Opinion – Has the proposed Northern Gateway Oil Pipeline been properly analyzed?
11 Apr, 2014
National Energy Board-Joint Review Panel report of December fails its responsibility to the Canadian people. If you care, it’s not too late to do something about it.
As a group of concerned professional engineers, we are very alarmed about the proposal to turn Kitimat into Canada’s “oil superport” to Asia. We feel that the Joint Review Panel has not properly analyzed the proposed Northern Gateway Project nor carefully considered the risks inherent in shipping diluted bitumen (dilbit) from Kitimat to the open ocean by tanker. Kitimat is located 300 km from the open Pacific. To reach the ocean, tankers would have to navigate narrow, foggy, stormy passages in an area of some of BC’s most pristine ocean environment.
When we read the JRP reports in December 2013, we were very disappointed and felt very strongly that they mislead all of us who had taken the time to consider the evidence. In response, and after careful and informed analysis based on our collective experience as engineers who have worked on such projects, our group prepared three white papers that point out the three major issues we have with the findings of the Joint Review Panel: 1) flawed risk analysis, 2) who will shoulder the burden of spill cost, 3) whether a spill can be cleaned up at all.
The CPE (Concerned Professional Engineers) is careful to point out that we are not anti-business. “We support development and the economy, in particular natural resource development but we’re trying to say, let’s do it in a way that’s responsible,” says Brian Gunn a spokesperson for CPE. “The Northern Gateway tanker proposal is not a responsible development. It’s too risky and the evidence used to support it is not accurate.”
The accuracy Gunn refers to comes down to simple math. One example of this math is the fact that Enbridge’s calculations for the probability of a spill are based only on the amount of traffic that would be generated by Enbridge’s oil tankers. The Enbridge calculations do not account for the hundreds of other ships transporting liquefied natural gas (LNG) that will be added to the traffic.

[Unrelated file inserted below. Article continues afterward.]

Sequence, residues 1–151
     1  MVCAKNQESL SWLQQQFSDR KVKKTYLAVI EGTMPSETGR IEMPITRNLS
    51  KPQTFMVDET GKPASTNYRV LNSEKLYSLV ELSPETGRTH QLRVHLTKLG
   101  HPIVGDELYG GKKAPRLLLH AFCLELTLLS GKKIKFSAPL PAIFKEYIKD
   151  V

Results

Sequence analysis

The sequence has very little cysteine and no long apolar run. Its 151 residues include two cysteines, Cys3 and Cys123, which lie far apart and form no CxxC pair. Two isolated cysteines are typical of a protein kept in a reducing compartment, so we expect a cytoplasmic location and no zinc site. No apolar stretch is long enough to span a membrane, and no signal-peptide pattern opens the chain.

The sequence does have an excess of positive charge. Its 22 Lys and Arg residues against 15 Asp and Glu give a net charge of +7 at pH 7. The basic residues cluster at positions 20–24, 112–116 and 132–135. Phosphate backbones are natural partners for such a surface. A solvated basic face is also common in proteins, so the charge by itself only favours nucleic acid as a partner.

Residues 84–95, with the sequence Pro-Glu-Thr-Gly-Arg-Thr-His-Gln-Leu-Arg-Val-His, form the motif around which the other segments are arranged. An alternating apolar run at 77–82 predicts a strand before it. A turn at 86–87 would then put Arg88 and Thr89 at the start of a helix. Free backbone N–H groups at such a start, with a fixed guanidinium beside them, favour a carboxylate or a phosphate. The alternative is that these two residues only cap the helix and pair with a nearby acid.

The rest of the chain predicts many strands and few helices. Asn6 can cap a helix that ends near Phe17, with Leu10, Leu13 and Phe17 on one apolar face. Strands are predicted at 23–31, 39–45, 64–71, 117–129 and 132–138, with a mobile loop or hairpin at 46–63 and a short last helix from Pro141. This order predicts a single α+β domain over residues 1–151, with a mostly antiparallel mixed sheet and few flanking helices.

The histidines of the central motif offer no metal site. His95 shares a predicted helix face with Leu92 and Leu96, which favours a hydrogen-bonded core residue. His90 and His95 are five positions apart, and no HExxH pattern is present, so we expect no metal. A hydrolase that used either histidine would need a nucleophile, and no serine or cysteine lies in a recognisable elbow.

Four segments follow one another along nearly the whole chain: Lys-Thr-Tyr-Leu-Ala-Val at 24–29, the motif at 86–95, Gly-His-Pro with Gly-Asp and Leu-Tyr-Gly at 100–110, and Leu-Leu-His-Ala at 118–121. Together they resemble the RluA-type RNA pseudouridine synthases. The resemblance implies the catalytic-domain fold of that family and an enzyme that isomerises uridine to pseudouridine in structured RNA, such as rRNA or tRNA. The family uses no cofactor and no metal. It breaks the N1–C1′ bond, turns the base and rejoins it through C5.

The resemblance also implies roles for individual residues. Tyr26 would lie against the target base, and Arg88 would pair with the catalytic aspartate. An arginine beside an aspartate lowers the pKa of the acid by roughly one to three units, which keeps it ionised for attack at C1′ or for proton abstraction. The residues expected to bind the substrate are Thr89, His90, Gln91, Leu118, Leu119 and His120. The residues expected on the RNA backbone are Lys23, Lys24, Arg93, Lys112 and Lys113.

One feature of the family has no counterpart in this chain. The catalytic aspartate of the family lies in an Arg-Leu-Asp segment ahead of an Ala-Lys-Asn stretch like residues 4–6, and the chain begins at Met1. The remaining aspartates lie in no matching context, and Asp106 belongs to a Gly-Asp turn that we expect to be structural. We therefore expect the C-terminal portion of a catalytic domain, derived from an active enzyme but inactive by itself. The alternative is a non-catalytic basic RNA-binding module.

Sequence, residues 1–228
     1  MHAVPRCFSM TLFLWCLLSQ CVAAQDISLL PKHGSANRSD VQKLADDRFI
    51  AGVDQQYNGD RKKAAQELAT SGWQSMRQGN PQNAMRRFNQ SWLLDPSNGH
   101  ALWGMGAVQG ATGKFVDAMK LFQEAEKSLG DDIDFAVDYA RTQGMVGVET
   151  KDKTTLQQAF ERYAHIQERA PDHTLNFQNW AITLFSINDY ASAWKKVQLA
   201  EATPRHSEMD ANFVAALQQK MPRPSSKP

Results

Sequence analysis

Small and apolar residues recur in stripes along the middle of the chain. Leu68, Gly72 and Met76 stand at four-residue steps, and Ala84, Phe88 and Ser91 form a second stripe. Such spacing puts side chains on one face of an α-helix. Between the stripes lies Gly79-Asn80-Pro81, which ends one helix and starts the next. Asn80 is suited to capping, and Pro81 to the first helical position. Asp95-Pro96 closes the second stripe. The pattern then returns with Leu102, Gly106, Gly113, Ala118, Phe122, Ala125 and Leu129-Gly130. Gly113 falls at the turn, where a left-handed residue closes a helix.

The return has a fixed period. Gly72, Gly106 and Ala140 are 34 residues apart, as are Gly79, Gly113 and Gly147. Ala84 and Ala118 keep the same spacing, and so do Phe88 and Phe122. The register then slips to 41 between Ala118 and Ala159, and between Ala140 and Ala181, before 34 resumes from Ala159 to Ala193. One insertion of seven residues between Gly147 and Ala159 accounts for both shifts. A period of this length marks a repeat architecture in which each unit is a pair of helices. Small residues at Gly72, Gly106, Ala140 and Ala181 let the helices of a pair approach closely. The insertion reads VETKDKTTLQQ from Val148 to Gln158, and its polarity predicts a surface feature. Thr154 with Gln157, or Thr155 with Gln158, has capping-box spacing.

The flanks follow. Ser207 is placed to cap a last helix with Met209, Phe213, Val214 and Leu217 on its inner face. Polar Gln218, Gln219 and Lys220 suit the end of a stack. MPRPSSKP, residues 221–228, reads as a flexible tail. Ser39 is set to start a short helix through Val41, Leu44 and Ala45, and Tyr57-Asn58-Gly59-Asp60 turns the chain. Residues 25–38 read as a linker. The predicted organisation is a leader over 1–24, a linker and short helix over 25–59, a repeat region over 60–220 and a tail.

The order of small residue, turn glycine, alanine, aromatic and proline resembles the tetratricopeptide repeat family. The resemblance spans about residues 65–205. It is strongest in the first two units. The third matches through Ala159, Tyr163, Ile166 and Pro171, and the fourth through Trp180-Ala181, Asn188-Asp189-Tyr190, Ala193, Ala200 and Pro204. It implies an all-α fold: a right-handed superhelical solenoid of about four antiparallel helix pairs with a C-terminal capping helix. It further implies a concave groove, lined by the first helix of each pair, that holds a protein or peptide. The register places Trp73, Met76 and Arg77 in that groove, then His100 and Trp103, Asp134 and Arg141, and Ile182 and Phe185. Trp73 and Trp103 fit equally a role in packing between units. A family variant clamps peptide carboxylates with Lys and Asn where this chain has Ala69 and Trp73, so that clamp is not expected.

Northern Gateway Project has projected a nine percent probability of a major five million litre (30,000 barrel) or greater spill in its 50 year operating life. We feel that this probability for an oil spill is too high. More alarmingly we think this number underestimates the risks considerably.
We are also concerned that the product dilbit is an unknown; Environment Canada scientists were of the opinion that there is no relevant real-world experience research to explain how it reacts in a marine environment. If there was a spill, could it be cleaned up? After the horror of Exxon Valdez, still a marine disaster after 25 years, this is an extremely crucial matter.
We believe as well, that the cost of cleaning up a spill far exceeds the funds available, and that tax payers will be left on the hook for the remainder of the funds.
CPE believes that with the skills and abilities available in BC, we can do far better to come up with solutions than what has been done by the JRP and Enbridge Northern Gateway.
Tell your MP and MLA; telling them that Northern Gateway is not a responsible resource development. You can do this by writing to them; please visit our website, “www.concernedengineers.org” for help with writing these letters. We’re not giving up and neither should you!
Brian Gunn Spokesperson for Concerned Professional Engineers